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July 9, 2020 at 9:56 pm #57274geoffParticipant@geoff
A few years ago, I answered a question on Quora. The circumstances were that, at the time, I had Google recruiter-bots hounding me (because of the open source code I had up on Github). But it was humans (the actual “bots”) that kept me from ever being able to even be in the position to “refuse” an offer. This, I argue, is degree discrimination, and a severe and harmful bias.
I am re-posting it here, under “Biasology”, as part of handful of things I’m posting to “evince” why non-regionally accredited degrees are importan. if you want a tl;dr:
Sure, a degree from Abide University can be called “silly”, or “unimportant”. However, in equal measure, the same could be said about “yours” [a “real”, a.k.a., expensive, degree]. The minute you hoist your degree’s superiority, the minute you reveal your bias. Which is fine—until it isn’t. Because your bias may hurt someone—least of all yourself.
You may have to search for “Geoff Nixon”, I’m now I believe the third top (?) answer, as of when I’m reposting this. I believe it got “hoisted” because of the endorsement of a former official “Google Student Recruiter”.
An offer? No, not once.
But that doesn’t mean they haven’t been continuously trying and failing to hire me for years.
Why hasn’t it happened?
Its not because I would be necessarily opposed: I don’t have objections to the pay scale, relocating, or anything like that. And each time I’ve looked, there have always been open positions listed that I think I’d be great for.
Its because their hiring practices from the outset are blatantly discriminatory.
Here’s what happens:
Typically, a Google recruiter will reach to me with something like:
“Hello. I am currently working with Google’s Recruitment team. I found your profile on Github and your coding and Unix experience caught my attention. I was impressed by the contributions you have made. I would be keen to learn more about your experience in order to ascertain if we would have something to appeal to you here at Google. Would you be interested in discussing a potential role on our engineering team?”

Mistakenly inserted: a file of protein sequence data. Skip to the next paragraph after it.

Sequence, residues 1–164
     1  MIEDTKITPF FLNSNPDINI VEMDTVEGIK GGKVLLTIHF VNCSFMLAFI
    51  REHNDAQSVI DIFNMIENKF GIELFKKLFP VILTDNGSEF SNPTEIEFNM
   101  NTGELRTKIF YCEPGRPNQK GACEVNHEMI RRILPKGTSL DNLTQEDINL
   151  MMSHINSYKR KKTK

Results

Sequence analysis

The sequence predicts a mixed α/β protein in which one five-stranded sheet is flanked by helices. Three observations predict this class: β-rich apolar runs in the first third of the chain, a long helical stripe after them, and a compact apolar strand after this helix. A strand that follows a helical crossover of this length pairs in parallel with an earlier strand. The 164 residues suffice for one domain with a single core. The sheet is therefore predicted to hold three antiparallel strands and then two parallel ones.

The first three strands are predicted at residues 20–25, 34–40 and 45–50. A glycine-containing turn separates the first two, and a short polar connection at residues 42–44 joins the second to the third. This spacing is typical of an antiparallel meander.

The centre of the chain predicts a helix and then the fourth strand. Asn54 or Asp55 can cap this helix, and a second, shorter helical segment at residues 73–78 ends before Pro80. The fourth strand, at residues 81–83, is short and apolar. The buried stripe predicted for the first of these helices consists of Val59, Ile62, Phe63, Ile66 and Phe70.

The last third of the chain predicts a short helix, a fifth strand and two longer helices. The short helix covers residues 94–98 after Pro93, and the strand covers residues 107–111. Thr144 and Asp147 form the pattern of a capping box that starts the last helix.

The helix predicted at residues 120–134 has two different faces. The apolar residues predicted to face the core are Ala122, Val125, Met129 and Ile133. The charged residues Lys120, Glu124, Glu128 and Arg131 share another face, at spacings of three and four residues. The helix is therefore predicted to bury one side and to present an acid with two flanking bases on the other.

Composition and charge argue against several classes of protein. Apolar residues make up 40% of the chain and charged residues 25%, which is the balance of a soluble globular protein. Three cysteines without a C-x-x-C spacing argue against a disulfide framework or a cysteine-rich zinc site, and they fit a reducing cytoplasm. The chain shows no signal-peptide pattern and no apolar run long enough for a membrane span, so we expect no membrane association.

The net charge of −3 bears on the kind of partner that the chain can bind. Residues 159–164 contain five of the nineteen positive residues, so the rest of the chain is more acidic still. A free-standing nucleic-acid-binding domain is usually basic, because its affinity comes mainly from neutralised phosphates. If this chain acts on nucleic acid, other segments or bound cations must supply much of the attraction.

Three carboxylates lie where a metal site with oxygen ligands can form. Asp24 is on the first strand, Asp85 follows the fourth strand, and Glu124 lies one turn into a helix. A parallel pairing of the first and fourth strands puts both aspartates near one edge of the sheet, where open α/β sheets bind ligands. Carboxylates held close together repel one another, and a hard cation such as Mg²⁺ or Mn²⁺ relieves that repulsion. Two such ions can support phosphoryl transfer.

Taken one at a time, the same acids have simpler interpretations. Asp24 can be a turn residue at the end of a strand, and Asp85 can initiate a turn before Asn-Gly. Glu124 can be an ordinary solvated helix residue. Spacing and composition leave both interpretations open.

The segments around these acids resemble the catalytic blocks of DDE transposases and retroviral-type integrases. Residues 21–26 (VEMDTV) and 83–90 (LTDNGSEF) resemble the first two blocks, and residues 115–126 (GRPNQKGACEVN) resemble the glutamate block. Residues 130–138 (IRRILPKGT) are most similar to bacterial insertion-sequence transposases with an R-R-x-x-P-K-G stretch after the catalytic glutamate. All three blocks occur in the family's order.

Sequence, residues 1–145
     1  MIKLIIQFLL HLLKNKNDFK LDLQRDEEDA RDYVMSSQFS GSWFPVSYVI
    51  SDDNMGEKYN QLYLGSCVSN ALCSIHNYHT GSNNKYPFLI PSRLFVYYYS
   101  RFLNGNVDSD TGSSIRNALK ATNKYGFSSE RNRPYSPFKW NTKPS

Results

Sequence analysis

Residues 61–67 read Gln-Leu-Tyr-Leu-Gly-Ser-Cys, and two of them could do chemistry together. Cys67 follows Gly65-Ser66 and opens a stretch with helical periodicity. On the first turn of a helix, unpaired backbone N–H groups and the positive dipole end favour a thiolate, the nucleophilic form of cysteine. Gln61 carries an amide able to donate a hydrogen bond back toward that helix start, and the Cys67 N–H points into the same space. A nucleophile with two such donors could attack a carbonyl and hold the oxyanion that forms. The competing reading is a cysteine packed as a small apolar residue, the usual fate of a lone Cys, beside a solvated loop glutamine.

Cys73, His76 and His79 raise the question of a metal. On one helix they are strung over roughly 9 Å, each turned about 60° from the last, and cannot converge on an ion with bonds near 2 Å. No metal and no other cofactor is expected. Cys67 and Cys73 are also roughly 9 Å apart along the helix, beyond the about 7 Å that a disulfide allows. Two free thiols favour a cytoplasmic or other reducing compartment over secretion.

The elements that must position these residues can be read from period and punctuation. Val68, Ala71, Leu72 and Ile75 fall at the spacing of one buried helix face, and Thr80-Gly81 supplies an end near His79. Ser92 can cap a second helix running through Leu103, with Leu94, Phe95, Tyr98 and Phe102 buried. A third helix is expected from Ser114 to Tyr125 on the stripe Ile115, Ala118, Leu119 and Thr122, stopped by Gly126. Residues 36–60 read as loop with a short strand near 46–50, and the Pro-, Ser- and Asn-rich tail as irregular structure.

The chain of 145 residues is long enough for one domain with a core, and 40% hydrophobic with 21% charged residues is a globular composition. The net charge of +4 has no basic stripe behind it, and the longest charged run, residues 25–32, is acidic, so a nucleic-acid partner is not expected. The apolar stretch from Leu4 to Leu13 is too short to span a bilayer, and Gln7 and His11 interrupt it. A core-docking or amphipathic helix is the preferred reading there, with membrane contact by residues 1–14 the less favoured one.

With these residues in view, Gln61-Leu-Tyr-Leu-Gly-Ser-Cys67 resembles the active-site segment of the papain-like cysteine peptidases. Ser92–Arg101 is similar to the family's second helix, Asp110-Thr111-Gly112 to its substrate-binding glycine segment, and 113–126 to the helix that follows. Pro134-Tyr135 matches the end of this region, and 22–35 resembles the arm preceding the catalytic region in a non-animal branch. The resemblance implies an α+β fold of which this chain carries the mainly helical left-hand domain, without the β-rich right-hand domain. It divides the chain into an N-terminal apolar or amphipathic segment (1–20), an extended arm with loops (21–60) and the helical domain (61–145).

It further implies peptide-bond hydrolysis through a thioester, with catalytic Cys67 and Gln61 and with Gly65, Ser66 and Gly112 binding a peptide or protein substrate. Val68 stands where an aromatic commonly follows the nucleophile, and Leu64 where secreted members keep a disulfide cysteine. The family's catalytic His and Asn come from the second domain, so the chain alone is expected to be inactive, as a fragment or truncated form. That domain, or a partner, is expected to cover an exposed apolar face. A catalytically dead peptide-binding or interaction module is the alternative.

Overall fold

Then I’ll look at open positions, find something, and follow up by phone or email. But the first question I’m always asked is, “So, where did you get your degree?” And then I have to explain how I don’t meet their “Minimum Qualifications”, which always start with something like:
BA/BS degree in Computer Science or related technical field involving coding (e.g., physics or mathematics), or equivalent experience.
The thing is, I don’t have a baccalaureate degree. And when I ask what “equivalent experience” means, I always get something about similar work experience or other hemming and hawing. But thats not me, either.
I’m self taught. I went to community college, transferred to UC Berkeley, dropped out (because I hated it), worked for a while, then something happened and I ended up on disability. While disabled, I spent my time becoming a better coder, contributing to free software projects.
Which is how and why they reached out to me in the first place.
If you want to hire a coder, and you found and bothered to reach out to someone someone because you like their code, why is the first minimum qualification always that you have spent four years at some middling academic institution?
Because you did, and you want people who are like you. That’s called discrimination.
And its not like Google’s the only company that does this. Its also harming our economy. I could go on. But at this point, I’ve stopped responding to recruiters.
In fact, for the time being, I’ve shifted gears completely, and spend my time pursuing another passion, the theatre. Its a place where people are respected for their skills, talents, and actual contributions, more than the letters after their name. But hey Google, feel free to follow up with me again if you ever decide to change things.
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